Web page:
If there’s one cybersecurity term everyone knows, it’s ransomware.
It’s the act of a bad actor holding a system, assets or valuable data for ransom and demanding a high payment. Ransomware appears to be everywhere these days, from a spam email that leads a user’s MacBook to be taken over by malware to a Russian hacking group targeting government entities through a major third-party supplier. There’s a reason the term keeps making headlines, though; it’s because it’s happening more often with positive results for hackers.
Why Is Ransomware Effective, And Why Is It Increasing?
Here’s a breakdown of how a ransomware attack works: A hacker gains access into an organization’s system and through lateral movement (and often a lack of internal access controls), is able to gain entry to something valuable. That could be patient privacy data for a healthcare organization, operation controls for a factory or the Social Security numbers and names of customers at a major retailer.
Because many organizations lack proper cybersecurity protocols – like fine-grained access controls or access limitations for third parties – bad actors have found it easy to move laterally once they breach a system. Take the Kaseya attack in which attackers were able to hack a software update and push it through to hundreds of customers, including a grocery store chain, schools and a national railway system. Right now, 51% of breaches originate from a third party, which highlights how lucrative an access point it is for attackers. Not to mention that human error is still playing a significant role in how often organizations get breached. There is a 17% rise in the number of employees offered money to aid in ransomware attacks against their employer, and 75% of organizations experienced a phishing attack in 2020. The data shows that ransomware simply works.
This kind of breach, especially if executed through a third-party vendor into a major organization, often pays off for the hackers. The amount held for ransom increased from $5000 in 2018 to $200,000 in 2020, and experts estimated that every 11 seconds, an attempted ransomware attack occurred in 2021. Organizations are willing to pay, so hackers will continue to target them.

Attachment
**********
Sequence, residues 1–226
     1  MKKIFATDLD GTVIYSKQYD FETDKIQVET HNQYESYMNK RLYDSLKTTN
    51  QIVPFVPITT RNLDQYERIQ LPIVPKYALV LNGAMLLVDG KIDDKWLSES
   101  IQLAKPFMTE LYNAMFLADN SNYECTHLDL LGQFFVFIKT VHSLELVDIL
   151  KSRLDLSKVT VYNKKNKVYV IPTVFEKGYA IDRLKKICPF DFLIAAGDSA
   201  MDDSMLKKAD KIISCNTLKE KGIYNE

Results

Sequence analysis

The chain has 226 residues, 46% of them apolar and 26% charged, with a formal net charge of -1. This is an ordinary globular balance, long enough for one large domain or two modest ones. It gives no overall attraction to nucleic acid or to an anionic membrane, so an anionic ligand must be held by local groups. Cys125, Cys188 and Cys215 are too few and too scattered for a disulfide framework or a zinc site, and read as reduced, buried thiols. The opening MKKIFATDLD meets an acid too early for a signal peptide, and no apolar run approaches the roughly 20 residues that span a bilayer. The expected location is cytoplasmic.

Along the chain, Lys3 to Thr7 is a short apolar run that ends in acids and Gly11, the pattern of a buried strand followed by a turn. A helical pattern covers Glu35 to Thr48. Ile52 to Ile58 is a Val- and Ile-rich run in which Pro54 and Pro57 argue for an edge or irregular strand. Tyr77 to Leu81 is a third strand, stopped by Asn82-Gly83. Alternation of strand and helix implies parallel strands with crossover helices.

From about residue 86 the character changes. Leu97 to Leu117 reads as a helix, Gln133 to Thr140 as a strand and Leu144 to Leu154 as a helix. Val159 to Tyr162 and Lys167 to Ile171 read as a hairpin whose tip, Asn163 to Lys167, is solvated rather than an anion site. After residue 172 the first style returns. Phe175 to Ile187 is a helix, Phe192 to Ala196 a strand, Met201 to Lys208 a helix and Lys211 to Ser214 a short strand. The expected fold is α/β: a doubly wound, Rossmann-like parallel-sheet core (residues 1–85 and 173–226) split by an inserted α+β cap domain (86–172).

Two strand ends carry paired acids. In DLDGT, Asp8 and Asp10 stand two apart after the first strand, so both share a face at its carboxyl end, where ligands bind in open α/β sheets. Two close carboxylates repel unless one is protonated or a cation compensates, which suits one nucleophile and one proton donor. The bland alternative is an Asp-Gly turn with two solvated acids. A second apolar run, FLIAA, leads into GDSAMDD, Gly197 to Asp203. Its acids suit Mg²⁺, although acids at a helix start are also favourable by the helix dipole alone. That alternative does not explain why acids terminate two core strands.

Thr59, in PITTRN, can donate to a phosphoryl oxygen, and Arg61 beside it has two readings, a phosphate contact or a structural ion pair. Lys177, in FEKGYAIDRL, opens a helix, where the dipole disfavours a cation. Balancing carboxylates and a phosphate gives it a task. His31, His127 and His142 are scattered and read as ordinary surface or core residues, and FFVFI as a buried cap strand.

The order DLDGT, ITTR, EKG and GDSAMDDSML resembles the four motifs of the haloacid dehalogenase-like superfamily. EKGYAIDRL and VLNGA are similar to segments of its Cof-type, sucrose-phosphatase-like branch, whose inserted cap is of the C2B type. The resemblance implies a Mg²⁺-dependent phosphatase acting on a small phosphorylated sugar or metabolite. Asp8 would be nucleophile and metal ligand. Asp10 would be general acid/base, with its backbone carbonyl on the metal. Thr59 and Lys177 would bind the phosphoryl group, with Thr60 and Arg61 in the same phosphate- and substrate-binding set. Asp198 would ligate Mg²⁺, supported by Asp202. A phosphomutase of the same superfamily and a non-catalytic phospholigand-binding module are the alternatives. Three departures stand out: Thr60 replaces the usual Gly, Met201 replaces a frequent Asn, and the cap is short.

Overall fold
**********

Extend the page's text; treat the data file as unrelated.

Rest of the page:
What Threats Do Ransomware Pose To An Organization?
To start with the most obvious, a breach risks financial and operational loss, but those impacts often extend beyond the targeted organization. The Colonial Pipeline hack, one of the bigger ransomware attacks of 2021, caused a shutdown of the pipeline, which resulted in gas shortages across the Southeast United States. The company ended up paying the ransom, and while it was able to get some of that money back, it’s said to have lost over $5m. That’s not including the reputational damage.
When it comes to government entities, critical infrastructure or organizations that are connected to a vast amount of third parties (like a smart factory), the impact of a ransomware attack could quickly spiral.
How To Protect Against Ransomware
Yes, ransomware is a mounting threat, but that doesn’t have to mean your organization is the next to be breached. There are multiple steps any entity can take to protect itself from an attack.
- Take a decentralized access management approach to cybersecurity: There is no centralized system anymore in the age of remote work and globalization, so why is your organization still relying on castle-and-moat-style cybersecurity? If only the exterior is protected, and a hacker breaches that exterior, they could immediately go anywhere and everywhere within a system. It’s often that lateral movement that leads them to critical assets or even allows them to jump from one organization to another. Instead, take a decentralized approach that looks at access points and how users (internal and external) are accessing and utilizing those points instead.
- Restrict access with strong access policies and fine-grained access controls: Good cybersecurity comes down to access. The first step is to build out strong access policies and make sure they’re followed. By implementing role-based access controls for internal users, allowing only granular access by following the principle of least privilege access and reviewing user access regularly, an organization can ensure that every user is following access best practices. Fine-grained access controls further limit which users can access what (and where and when) through methods like zero trust network access, time-limited access, multi-factor authentication and other access verification options. These kinds of internal controls limit the attack surface and prevent lateral movement in case of a breach.
- Secure third-party access points: As mentioned above, it’s both easy and effective for an attacker to breach a system through a third-party access point. Applying the same access policies to those entities and making sure those third-party users can only access what they need (instead of allowing full network access through a VPN) reduces that inherent risk.
- Educate, educate, educate: Phishing is still as effective as when email was first introduced to the masses. Taking the time to continually educate internal users on phishing is a significant step to ensuring your organization doesn’t fall prey to it. Helping every user better understand your organization’s cybersecurity and best practices is the best way to ensure that every access point, asset and system is safe.